“I discuss melatonin’s effects on sleep & its safety with research up to 2015; I segue into the general benefits of sleep and the severely disrupted sleep of the modern Western world, the cost of melatonin use and the benefit (eg. enforcing regular bedtimes), followed by a basic cost-benefit analysis of melatonin concluding that the net profit is large enough to be worth giving it a try barring unusual conditions or very pessimistic safety estimates.”-Gwern Branwen, “Melatonin.” gwern.net. 14 February 2015.
Blue Zones is a good place to start. However, if I were to give advice to my younger self, I’d focus on:
- Sleep: Get a full night’s sleep and take a midday nap for a total of eight hours.
- Food: Limit eating to four consecutive hours a day. Eat mostly plants. Drink powdered psyllium and water to stave off hunger feelings in the off hours.
- Exercise: Walk/run for 16,000 steps a day or 8 miles, incorporating a full range of movement. Include some weight-bearing activity or physical training twice a week.
- Social: Cultivate a social environment for flourishing among family, friends and your larger social circle. Be a positive, creative person and look for the same in others. Relentlessly prune relationships that are predominantly negative.
- Being & Doing: Find something to do that leaves the world slightly better than you found it and promotes good sleeping, eating, exercise and social habits. The Buddhist idea of the Noble Eightfold Path is a useful model of how to be and what to do.
“So why did they get such different results from so many earlier studies? In their response to Kripke, they offer a clear answer:
They adjusted for three hundred confounders.
This is a totally unreasonable number of confounders to adjust for. I’ve never seen any other study do anything even close. Most other papers in this area have adjusted for ten or twenty confounders. Kripke’s study adjusted for age, sex, ethnicity, marital status, BMI, alcohol use, smoking, and twelve diseases. Adjusting for nineteen things is impressive. It’s the sort of thing you do when you really want to cover your bases. Adjusting for 300 different confounders is totally above and beyond what anyone would normally consider.
Reading between the lines, one of the P&a co-authors was Robert Glynn, a Harvard professor of statistics who helped develop an algorithm that automatically identifies massive numbers of confounders to form a ‘propensity score’, then adjusts for it. The P&a study was one of the first applications of the algorithm on a controversial medical question. It looks like this study was partly intended to test it out. And it got the opposite result from almost every past study in this field.”—Scott Alexander, “More Confounders.” Slate Star Codex. June 24, 2019.
Open question: Are sleep aids bad for you?
Open question: Are confounders one of the central problems of reproducibility in science?
“The point of this book is to persuade you that the benefits of napping, scientifically derived, are so great you should do everything you can to make napping a habit whatever your schedule. As this concise guide makes clear the benefits to nappers are significant: smarter, more productive, healthier. For those who have tried napping without success, this book offers several different methods to try.”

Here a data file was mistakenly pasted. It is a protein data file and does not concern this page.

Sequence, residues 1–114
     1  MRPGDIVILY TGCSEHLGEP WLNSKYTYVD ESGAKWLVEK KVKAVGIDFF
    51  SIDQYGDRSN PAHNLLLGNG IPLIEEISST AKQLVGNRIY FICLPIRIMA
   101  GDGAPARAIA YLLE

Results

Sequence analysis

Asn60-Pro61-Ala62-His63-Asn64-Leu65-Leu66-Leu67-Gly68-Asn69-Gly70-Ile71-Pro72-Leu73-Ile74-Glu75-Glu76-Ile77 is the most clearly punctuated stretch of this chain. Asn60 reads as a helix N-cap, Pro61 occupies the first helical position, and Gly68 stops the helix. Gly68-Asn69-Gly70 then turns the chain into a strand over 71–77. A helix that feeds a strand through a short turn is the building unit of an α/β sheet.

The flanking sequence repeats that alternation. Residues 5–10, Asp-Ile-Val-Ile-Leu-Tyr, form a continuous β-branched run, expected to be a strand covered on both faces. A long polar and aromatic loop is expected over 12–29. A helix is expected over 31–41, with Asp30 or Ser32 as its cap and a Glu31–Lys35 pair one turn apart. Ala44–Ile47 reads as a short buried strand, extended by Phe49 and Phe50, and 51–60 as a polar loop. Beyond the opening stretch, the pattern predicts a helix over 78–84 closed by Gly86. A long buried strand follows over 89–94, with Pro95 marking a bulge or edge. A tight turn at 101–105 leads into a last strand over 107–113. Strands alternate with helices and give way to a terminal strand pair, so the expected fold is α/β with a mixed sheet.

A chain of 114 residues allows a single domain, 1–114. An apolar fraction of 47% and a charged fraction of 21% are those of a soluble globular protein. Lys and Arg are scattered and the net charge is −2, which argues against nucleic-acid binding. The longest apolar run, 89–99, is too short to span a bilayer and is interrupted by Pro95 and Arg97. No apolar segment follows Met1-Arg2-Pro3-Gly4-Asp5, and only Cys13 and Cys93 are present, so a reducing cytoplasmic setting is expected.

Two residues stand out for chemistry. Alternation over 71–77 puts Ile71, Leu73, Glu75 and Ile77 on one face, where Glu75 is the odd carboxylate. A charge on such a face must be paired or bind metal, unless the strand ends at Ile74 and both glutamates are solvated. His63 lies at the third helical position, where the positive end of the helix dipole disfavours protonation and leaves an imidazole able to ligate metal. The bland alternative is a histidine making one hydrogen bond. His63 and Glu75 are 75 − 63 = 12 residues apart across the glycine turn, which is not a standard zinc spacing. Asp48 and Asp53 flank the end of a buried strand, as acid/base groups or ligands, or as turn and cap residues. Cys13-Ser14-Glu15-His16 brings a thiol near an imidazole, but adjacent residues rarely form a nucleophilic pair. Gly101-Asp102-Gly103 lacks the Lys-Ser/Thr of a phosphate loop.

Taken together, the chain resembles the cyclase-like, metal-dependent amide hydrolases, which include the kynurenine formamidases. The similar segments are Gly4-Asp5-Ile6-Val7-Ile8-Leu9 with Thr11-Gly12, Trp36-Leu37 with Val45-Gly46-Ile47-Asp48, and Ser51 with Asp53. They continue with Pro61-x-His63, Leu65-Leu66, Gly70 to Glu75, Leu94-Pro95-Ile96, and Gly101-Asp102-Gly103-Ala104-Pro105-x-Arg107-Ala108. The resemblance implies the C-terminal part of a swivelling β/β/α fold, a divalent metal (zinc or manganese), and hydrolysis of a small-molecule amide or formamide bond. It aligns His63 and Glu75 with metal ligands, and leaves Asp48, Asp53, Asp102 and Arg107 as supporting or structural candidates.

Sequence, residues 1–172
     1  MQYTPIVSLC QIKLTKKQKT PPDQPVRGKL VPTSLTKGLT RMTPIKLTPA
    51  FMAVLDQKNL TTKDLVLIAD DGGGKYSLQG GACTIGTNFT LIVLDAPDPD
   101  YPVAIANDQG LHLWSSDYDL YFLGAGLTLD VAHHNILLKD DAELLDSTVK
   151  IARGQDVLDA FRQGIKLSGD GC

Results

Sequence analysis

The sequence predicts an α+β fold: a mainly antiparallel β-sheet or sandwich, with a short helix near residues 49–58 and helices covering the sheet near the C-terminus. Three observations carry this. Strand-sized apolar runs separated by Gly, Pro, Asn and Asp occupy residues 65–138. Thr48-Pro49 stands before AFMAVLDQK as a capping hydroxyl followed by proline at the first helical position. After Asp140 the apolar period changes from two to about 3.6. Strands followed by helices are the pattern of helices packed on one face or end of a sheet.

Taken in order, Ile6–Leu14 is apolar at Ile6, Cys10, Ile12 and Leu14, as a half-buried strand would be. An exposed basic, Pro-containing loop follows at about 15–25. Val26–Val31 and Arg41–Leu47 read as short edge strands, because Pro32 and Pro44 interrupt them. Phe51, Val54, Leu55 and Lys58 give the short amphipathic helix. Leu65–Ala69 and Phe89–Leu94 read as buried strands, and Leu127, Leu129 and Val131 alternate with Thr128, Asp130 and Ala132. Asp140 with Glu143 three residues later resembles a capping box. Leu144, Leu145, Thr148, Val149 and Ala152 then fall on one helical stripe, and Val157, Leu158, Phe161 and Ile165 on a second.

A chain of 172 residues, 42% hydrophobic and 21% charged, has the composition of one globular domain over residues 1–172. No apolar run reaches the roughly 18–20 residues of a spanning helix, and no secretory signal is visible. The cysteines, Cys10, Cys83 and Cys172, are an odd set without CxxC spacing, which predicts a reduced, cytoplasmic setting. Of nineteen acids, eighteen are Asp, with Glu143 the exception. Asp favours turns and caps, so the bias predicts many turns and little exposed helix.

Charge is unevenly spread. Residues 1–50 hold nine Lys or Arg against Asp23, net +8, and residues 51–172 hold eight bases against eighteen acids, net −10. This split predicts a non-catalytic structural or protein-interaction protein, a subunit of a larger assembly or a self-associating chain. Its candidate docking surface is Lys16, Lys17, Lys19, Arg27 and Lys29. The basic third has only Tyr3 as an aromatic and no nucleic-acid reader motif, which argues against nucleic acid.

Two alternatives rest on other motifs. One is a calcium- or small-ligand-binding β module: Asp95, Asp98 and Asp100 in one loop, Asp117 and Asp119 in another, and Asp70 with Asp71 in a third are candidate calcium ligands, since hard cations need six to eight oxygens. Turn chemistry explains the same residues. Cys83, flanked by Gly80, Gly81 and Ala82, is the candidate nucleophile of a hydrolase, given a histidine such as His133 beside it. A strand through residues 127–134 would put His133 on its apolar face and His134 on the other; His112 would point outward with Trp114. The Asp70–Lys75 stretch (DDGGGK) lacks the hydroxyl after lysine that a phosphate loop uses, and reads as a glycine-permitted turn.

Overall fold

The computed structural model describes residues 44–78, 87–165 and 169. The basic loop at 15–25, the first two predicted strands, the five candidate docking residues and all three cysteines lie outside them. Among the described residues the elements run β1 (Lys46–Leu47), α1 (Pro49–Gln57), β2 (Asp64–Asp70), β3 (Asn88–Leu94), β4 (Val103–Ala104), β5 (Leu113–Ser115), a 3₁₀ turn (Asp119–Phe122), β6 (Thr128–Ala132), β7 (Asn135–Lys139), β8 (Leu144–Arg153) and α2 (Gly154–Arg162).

—Kevin Kelly, “Take a Nap! Change Your Life.” Cool Tools.
From the excerpt: “There is no such thing as a bad nap.”
“Over the last 4–5 years, my main hobby has been to get that by hacking my body and mind using a logical, science-based approach…
…People like me will be able to pay for this out of pocket and use off-label prescriptions from private doctors who focus on upgrading and prevention rather than merely healing. Downstream the extra mood, energy, focus, health, willpower and social skills — enhanced over decades — will accrue further and further advantages to people who upgrade themselves, which will lead to a cycle of further concentration of wealth.”
—Serge Faguet, “I’m 32 and spent $200k on biohacking. Became calmer, thinner, extroverted, healthier & happier.” hackernoon.com. September 25, 2017.
N of 1 experimentation is valuable. The problem in this case is he is arguing hockey stick, compounding returns when the more likely scenario is that he’s going to give himself some form of chronic illness over the long-term. You’re only 32. Do you believe 40 years of thyroid supplementation isn’t going to lead to a health problem?
There is useful advice in write-ups such as this one. Thinking about sleep hygiene, eliminating sugar from your diet, intermittent fasting, weight-training built around deadlifts and squats, HITT training for cardio, meditation/cognitive therapy are probably all good ideas.
The place it goes off the rails is with medications and supplements. A low dose of 5mg of lithium is probably alright. If you take ~100-150mg as he is, you better have normal kidney function. Magnesium supplementation is also probably a good idea, since most of us aren’t eating big leafy vegetables at the same rate our ancestors did.
I could even get behind the very occasional therapeutic use of psychoactive compounds such as MDMA, psilocybin mushrooms, LSD, etc. If they were used to to augment a program of meditation and periodic hours in an isolation tank.
But hormone therapy? Playing sorcerer’s apprentice with your hormones strikes me as a singularly bad idea.